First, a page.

In the scene I described above the only battle the doctor could possibly win was with the patient. Unable to do anything about the bureaucratic burden imposed upon us, we may be at risk of venting our frustration on our patients.

Another reason we might blame our patients is because, as Richard Smith pointed out in 2001, we’re still hanging on to a bogus contract,

The bogus contract: the patient’s view

  • Modern medicine can do remarkable things: it can solve many of my problems
  • You, the doctor, can see inside me and know what’s wrong
  • You know everything it’s necessary to know
  • You can solve my problems, even my social problems
  • So we give you high status and a good salary

The bogus contract: the doctor’s view

  • Modern medicine has limited powers
  • Worse, it’s dangerous
  • We can’t begin to solve all problems, especially social ones
  • I don’t know everything, but I do know how difficult many things are
  • The balance between doing good and harm is very fine
  • I’d better keep quiet about all this so as not to disappoint my patients and lose my status

The new contract

  • Both patients and doctors know:
  • Death, sickness, and pain are part of life
  • Medicine has limited powers, particularly to solve social problems, and is risky
  • Doctors don’t know everything: they need decision making and psychological support
  • We’re in this together
  • Patients can’t leave problems to doctors
  • Doctors should be open about their limitations
  • Politicians should refrain from extravagant promises and concentrate on reality

At last week’s inspired Imperial college GP training day, author and lugubrious self-confessed addict Will Self and I talked about doctors and power. If there was a ‘bottom line’ to Self’s presentation it was about this bogus contract. “Imagine”, he asked us, “if instead of billboards over the North Circular exclaiming, ‘We’re going to win the war on cancer!” we were more honest and said, “We’re all going to get cancer if we live long enough, and we’ve all got to die eventually!”

Part of the reason the bogus contract still exists is because of, as Self put it, the deep reverence with which many patients hold their doctor. Our earliest experiences of the medical profession are often as a frightened, febrile child bought by an anxious parent to a calm, authoritative figure who makes things better.

As Edward Ernst recently explained, a great deal of what makes patients feel better is to do with power and personality including the therapeutic relationship with the clinician (empathy, compassion etc.), and social desirability (patients tend to say they are better to please their friendly clinician)

The therapeutic relationship was described by psychoanalist Michael Balint, who used the term, ‘doctor as drug’. Like any drug there are indications (where it can be used), contra-indications  (where it should not be used), risks (including tolerance and dependency) and side effects (including irritability and rejection or intoxication).

Used appropriately it is a potent force for good and as Foucault noted,

What makes power good, what makes it accepted, is simply the fact that it doesn’t weigh on us as a force that says no, but that it traverses and produces things, it induces pleasure, forms knowledge, produces discourse. It needs to be considered as a productive network that runs through the whole social body much more than a negative instance whose function is repression Foucault 1984: a 61. Quoted from DA Lupton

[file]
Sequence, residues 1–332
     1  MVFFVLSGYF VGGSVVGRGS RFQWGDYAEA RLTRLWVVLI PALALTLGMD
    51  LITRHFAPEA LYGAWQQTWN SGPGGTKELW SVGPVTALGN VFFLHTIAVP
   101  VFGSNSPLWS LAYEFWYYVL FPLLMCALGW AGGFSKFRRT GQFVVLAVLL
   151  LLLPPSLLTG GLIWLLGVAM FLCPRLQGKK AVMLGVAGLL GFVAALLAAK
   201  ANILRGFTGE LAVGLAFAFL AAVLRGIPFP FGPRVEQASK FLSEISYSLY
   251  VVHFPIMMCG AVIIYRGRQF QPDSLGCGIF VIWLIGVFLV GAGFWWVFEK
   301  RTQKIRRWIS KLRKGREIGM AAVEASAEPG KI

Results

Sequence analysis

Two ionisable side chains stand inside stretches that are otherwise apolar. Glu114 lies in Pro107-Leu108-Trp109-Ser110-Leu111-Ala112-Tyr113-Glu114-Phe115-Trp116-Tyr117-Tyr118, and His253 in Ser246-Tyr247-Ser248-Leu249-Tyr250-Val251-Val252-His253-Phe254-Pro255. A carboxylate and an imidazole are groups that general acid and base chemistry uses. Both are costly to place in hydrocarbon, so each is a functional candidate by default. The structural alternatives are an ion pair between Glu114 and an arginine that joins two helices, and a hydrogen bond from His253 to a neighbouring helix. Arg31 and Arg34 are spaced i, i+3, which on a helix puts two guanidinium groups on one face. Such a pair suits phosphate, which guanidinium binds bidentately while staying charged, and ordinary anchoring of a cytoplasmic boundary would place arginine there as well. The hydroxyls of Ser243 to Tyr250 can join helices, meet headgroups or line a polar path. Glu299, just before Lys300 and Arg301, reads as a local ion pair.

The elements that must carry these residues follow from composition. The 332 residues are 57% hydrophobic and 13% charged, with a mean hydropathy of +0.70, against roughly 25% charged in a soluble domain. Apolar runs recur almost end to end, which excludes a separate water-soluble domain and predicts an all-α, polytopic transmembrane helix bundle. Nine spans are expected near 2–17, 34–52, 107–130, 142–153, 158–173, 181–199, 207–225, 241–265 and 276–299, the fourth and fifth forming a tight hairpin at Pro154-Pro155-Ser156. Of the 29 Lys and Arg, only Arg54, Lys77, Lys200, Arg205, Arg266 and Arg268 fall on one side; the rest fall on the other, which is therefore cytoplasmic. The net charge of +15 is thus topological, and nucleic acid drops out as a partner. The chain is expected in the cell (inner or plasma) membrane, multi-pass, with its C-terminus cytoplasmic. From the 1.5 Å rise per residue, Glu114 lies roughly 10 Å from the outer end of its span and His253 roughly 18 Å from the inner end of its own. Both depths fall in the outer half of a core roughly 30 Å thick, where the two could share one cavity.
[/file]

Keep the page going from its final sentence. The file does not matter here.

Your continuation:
Physician Edvin Schei agrees,

The structural and symbolic power of doctors is what makes good and right healing actions possible. 

Doctors know that without power, they will lose their potency as therapeutic agents. Self argued that patients might resent this just as they secretly desire for their doctors to retain their magic. There is an ambivalence between reverence and scepticism in their regard for the medical profession.

Most of us agree that power is unavoidable and inevitably stacked in the doctors’ favour, not only over patients, but also over nurses and other health professionals and far beyond. Unfortunately we don’t do enough to teach medical students and doctors about power and how it is used. As Kathryn Montgomery agues in her wonderful book, How Doctors Think, we don’t do encourage medical students to challenge the philosophical assumptions which underpin the practice of medicine. Medicine is neither art, nor science, but an interpretive practice that makes use of clinical reasoning, but we teach it as if it were science treating disease rather than people treating people.

Sara Donetto studied medical students’ conceptions of power in the doctor-patient relationship and discovered that they were severely limited, viewing the imbalance as a consequence of patient ignorance that could be solved by professionals educating them. It was striking that my second-year medical student’s learning objectives included ‘giving lifestyle advice to patients’, but didn’t include anything about understanding values or interpreting narratives, in other words making sense of other people and themselves. Many medical students, and for that matter, doctors, are stuck on the second of Emanuel and Emanuel‘s four models of the doctor-patient relationship, ‘Dr Informative.’ Dr Informative’s conceptual development is stranded, as the authors noted back in 1992 and Self concurred today, on a model where both doctors and patients are rational consumers. It’s a thinking that underpins much of the policy thinking that shaped and continues to drive the recent NHS reforms and is a source of despair to those patients and professionals who know that there are higher levels to which we should aspire.